“Fairest Cordelia, that art most rich being poor/Most choice forsaken, and most loved despised!/Thee and thy virtues here I seize upon,/Be it lawful I take up what’s cast away./Gods, Gods! ‘Tis strange that from their cold’st neglect/My love should kindle to inflamed respect.—/Thy dowerless daughter, King, thrown to my change,/Is queen of us, of ours, and our fair France./Not all the dukes of waterish Burgundy/Can buy this unprized precious maid of me.—/Bid them farewell, Cordelia, though unkind,/Thous losest here, a better where to find.” -France (1.1 250-261)
Cordelia is the very definition of romantic. She’s the one that tries to rebel against her father’s wish because of her virtues. For her, the measure of one’s love is not through words but by actions. Her choice to be honest caused her to be banished and disowned by her own beloved father yet she still kept her ground. The Duke of France is the same way. In this time period, honor often comes hand in hand with land and those who retain more land has the power. Trust is often misplaced because of greed and this is what has become in Lear’s kingdom. The Duke’s decision to take on Cordelia as his wife can create issues within his family. Because Cordelia has been stripped off of the King’s inheritance, Cordelia, to most royalty, has become a non-viable dowry yet the Duke’s desire for something genuine. This reminds me of another one of Shakespeare’s plays, Romeo and Juliet. As the only children of both families, they are destined to be heirs. I guess love does top everything else. Romeo and Juliet, being one of Shakespeare’s most popular and highly adapted plays, is fascinated by many romantic readers because of the belief of “right will always win against wrong”. The romanticized idea of rebellion just adds more intensity to the story because the idea of succeeding from seemingly hopeless situations helps make us think that “everything will be alright in the end”.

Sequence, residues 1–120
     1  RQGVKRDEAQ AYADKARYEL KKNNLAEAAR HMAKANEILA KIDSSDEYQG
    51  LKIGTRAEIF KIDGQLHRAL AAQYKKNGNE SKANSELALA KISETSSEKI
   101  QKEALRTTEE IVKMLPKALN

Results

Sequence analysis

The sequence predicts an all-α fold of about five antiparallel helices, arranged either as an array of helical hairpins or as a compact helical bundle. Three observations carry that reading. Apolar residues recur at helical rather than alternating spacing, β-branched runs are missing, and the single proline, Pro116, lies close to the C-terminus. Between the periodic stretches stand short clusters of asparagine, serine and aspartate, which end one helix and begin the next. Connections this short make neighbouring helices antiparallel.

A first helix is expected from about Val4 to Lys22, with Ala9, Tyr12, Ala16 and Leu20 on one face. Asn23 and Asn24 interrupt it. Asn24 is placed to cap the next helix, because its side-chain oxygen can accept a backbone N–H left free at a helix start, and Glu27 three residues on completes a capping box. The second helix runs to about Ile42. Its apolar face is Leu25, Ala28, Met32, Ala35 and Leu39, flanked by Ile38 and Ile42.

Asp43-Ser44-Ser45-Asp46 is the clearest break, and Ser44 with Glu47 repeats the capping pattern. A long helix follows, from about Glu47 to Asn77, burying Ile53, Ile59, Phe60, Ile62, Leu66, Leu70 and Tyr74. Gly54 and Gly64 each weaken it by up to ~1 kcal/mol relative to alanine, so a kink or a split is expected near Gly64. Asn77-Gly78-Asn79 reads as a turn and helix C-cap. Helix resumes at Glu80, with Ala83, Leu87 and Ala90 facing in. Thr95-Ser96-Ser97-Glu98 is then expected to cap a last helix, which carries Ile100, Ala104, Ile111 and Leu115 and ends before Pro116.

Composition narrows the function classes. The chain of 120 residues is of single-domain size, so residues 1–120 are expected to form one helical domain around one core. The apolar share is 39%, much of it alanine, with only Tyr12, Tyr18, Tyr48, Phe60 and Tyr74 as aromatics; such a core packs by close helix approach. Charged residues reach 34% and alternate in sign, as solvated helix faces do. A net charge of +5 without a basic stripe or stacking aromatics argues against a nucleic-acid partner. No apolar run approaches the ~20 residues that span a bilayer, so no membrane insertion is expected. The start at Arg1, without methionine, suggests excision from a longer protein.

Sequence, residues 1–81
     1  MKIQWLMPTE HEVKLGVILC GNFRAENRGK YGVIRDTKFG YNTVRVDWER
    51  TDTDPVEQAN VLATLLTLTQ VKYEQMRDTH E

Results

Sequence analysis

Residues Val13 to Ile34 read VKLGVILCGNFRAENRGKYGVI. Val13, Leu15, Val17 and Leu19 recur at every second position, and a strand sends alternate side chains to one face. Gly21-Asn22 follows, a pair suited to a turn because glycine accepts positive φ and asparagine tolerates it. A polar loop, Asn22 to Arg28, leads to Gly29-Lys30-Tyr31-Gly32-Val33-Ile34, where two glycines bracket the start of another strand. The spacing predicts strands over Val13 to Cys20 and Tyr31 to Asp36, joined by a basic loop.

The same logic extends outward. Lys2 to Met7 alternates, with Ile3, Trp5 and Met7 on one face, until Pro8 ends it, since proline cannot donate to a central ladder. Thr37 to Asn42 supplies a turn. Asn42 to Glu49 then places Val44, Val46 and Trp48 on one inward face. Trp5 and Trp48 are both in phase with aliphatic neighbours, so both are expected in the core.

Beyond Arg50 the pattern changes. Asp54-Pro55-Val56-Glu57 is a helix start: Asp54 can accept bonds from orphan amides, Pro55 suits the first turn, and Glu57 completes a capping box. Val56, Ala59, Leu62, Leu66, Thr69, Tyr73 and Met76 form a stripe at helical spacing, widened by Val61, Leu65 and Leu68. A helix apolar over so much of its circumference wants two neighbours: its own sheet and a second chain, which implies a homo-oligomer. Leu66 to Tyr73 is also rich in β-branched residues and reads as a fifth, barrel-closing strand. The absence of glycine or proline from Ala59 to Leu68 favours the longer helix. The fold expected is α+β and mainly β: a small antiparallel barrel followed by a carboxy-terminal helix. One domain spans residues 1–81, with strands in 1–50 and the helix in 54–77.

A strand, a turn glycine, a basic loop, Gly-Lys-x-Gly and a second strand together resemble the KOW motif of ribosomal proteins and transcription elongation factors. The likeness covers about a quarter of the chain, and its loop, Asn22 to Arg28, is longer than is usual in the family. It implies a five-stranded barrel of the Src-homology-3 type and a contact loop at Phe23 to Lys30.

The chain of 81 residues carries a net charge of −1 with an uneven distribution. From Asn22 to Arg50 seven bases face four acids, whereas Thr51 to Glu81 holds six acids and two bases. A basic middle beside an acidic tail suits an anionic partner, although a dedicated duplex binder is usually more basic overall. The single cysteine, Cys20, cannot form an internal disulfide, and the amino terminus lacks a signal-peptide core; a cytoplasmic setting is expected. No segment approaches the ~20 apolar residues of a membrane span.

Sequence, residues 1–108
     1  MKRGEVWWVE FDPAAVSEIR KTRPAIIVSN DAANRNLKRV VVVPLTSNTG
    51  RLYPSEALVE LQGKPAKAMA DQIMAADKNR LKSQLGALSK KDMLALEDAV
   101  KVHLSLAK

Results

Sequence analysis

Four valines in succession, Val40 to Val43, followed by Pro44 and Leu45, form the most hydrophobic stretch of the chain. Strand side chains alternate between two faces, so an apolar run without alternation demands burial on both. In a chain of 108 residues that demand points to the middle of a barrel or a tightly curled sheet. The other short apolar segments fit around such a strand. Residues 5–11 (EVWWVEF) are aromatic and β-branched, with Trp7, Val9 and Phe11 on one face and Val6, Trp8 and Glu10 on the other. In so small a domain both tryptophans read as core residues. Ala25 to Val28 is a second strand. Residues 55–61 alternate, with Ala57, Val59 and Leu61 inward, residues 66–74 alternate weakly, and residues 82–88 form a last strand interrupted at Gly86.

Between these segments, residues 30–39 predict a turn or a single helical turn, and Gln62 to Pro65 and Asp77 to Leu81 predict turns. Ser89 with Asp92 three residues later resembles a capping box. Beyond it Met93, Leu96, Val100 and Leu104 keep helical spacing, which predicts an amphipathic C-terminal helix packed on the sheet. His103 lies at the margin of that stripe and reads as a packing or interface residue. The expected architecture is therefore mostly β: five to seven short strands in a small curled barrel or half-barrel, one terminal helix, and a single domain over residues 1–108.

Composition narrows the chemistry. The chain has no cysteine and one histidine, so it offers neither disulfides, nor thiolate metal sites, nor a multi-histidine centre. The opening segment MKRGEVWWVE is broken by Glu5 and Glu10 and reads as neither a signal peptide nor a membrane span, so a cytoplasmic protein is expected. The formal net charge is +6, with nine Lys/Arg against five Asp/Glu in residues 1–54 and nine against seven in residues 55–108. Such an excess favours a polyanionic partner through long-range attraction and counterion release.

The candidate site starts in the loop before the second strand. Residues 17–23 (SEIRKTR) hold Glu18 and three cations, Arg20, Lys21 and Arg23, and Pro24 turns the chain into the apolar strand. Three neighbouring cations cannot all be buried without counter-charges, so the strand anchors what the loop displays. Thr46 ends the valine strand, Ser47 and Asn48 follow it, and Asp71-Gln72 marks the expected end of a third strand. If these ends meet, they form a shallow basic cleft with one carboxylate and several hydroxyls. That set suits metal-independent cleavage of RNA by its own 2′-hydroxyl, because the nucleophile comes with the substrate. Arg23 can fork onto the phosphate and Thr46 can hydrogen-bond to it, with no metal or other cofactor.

Both Cordelia and Kent, the King’s loyal adversaries, were banished by the senile King and as an avid reader of tragedies, the foreshadowing towards the King’s decline is surfaces. From this point in the play, it’s easy to bet that both Goneril and Regan will make sure that the King will be away from his throne and will no longer be a burden while Edmund, the “bastard”, will make sure that Edmund, the rightful heir to the throne, will be out of his way, just like in another one of Shakespeare’s play, Richard III. Edmund is the “bastard”, the unwanted child, the “embarrassment”. Richard, the Duke of Gloucester, is the same way. He’s the ugly, hunchback that no one liked. Even his own mother despises him. Edgar is the rightful heir to the throne and the one that is the “good child” and the King’s favorite. In Richard III, the favorite son is George, the Duke of Gloucester. Both Richard and Edmund scheme to remove their brothers out of their way to take over the throne and both find themselves to be masters of lies and deception.